Ok so now we know a little about sound and how we perceive it, but what about that great EVP that you think you just got. What do we do now? Well this is where it gets real tricky. First let’s talk about EVPs (Electronic Voice Phenomenon) themselves. An EVP cannot be heard by the human ear whereas an AVP (Audible Voice Phenomena) can be heard by anyone in the vicinity of the sound. EVPs are electromagnetic in nature, this is to say that several experiments have been done in vacuums and still EVPs where recorded. In one experiment, conducted by David Rountree in the late 70s or early 80s, they caught EVPS in a vacuum but they discovered that the evacuation pump had not only removed the air (matter) but had also removed the diaphragm from the voice coil in the microphone yet they still recorded disembodied voices. This does not prove that these where the voices of spirits only that they were not sound. Only electromagnetism works in a vacuum, so they had to be traveling on magnetic waves like radio waves or they were radio waves. So EVPs are not sound related so to speak.

I don’t want to go into great detail here on all the different types of microphones and I’ll just say that best mic is the Dynamic Microphone because; once again it uses electromagnetic properties to transmit the sound to the recorder. Also it’s always best to use a separate mic from the recorder, not the internal mic it comes with. The best EVPS are usually caught on Cassette Tape and the reason seems to be that on tape (versus Digital Recording), to make a long story short, the audio is written using, you guessed it electromagnetism. The way a cassette recorders works is  an electromagnet (the recording head) applies a magnetic flux (frequency) to the oxide on the tape. The oxide on the tape permanently remembers the flux it sees.

Thanks to years of research from guys like David Rountree we now know where to look to start to rule out what is not an EVP. Human voices have a distinct pattern in phonetics and can be viewed on a spectrograph. From what we know about sound from what we have discussed so far you would think that it would be easy to differentiate between what is a potential EVP and what is not using software like Praat, a free scientific software program for the analysis of speech in phonetics.  Unfortunately an EVP will have a lot of the same characteristics as normal speech. It is even thought that if you had a recording of a person’s voice while they were alive you could analyze it and compare it to the EVP of the deceased and this may very well be possible however even the experts are never 100% positive on a voice match and you would also have to have the exact same words recorded from the person while they were alive to compare the two. So where does this leave us? If we want to rule out as many possibilities as we can then we need as much data as possible to go along with the EVP event. For instance using software like Praat (which I plan to do a paper on its usefulness both in the field and in review) you could compare the recording of the EVP’s spoken word or words to the exact same recording of each one of the investigators (reciting the same word or phrase) that where on site to rule out the possibility of it being one of their voices. Also, and this is my recommendation, you need to do EMF sweeps of the entire investigation site documenting the data on a grid map. Also EMF should be monitored throughout the site with mutable meters placed at strategic points. Then during the EVP session you not only record the sound but also the EMF spikes that occur. We know that human language is at a low frequency compared to RF waves so a specialized meter (Oscilloscope) should be used that records at those levels and it should be feed into its software using a data port on the same computer that is recording the EVP session. This has been done with success and the EMF wave form was a perfect match for the sound wave form of the disembodied voice proving that the words where not spoken by a live human being on that investigation site. The DiamondCut 8 software should be the recording program used during the EVP recording session due to its ‘real-time’ capabilities. The operator can monitor both the wave forms from EMF and sound on the same computer using the spectrum graph from DC8 and the meter software.  The microphone (preferably an external dynamic Omni-directional mic) for these experiments should also be placed inside an aluminum foil lined box with the “head” facing the opening but still behind the inside leading edge of the box. The aluminum foil will act as a shield against unwanted interference.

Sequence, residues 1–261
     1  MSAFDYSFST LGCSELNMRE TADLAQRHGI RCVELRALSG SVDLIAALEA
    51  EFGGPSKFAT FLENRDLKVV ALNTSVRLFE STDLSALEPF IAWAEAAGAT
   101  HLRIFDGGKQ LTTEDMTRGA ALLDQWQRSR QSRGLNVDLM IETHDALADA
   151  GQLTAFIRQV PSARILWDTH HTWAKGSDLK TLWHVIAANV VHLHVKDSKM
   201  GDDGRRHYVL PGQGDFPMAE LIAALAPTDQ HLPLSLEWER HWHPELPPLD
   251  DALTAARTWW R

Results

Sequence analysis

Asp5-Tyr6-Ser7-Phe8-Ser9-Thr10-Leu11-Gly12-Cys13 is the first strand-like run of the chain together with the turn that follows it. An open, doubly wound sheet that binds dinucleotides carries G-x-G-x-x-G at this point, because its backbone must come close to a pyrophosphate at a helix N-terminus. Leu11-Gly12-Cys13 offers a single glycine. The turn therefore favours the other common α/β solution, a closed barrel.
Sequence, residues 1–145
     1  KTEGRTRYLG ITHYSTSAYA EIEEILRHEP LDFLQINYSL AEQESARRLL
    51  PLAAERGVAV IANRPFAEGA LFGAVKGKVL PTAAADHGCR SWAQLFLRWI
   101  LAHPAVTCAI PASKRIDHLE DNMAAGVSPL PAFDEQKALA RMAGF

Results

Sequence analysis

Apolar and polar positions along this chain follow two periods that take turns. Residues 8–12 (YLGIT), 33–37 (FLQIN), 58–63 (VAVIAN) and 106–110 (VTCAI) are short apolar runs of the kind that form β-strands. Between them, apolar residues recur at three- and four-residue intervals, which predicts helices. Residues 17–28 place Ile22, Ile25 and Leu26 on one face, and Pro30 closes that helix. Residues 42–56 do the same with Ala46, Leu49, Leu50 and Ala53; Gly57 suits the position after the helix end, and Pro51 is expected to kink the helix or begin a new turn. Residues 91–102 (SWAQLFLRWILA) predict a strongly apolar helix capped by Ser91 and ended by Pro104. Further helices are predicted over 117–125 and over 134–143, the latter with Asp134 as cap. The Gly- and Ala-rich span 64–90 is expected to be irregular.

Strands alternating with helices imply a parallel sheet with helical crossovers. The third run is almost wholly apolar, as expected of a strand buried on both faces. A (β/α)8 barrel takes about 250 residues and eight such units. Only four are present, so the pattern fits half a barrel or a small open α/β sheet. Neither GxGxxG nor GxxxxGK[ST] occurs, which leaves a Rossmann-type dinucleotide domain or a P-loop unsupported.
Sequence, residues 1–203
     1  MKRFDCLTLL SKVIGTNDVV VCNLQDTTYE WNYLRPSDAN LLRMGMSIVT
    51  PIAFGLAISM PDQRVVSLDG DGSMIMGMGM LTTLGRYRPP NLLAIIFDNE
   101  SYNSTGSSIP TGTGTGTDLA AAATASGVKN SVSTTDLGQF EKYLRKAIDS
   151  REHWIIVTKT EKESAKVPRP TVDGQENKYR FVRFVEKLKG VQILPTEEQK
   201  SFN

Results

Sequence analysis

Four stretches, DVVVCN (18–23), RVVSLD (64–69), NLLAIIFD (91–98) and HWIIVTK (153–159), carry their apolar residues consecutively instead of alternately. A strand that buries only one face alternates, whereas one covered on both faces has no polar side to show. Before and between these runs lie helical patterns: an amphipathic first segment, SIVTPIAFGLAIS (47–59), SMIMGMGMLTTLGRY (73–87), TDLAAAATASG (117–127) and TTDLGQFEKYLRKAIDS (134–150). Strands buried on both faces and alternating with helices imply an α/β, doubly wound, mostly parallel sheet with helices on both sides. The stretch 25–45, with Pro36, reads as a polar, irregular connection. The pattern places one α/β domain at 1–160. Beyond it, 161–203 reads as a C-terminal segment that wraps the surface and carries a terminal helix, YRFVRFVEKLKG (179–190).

There should be stringent guidelines set down for investigation sites and performed each and every time in order to obtain any kind of conclusive data. I could go into great detail on all the possibilities of what can cause interference (EMF, Harmonics and much more) in a home or building but that will be discussed in another paper. I hope this is of some help and I know it will raise more questions than it answers but that is the way this field is. There are so many topics to cover just in dealing with EVPs, which is only a portion what all an investigation entails, that it will be a long paper to cover them all but I can’t stress enough that EMF effects the entire investigation site, that is the event horizon and we must keep this in mind at all times.

 

 

Jay W. Prather



 

Internet Radio Research

October 27, 2018

This is simply my reflection on a subject that needs a lot of research. A few years back(2011-12) I was working with internet radio. My results were less than impressive even down to nonexistent at times. Before I gave up and tabled the project I spent a few months reviewing where I might have went wrong or what might be causing the lack of verifiable communication. Here are my limited and very uneducated findings.

First I wanted to look at radio waves versus the internet, apps and sound bank...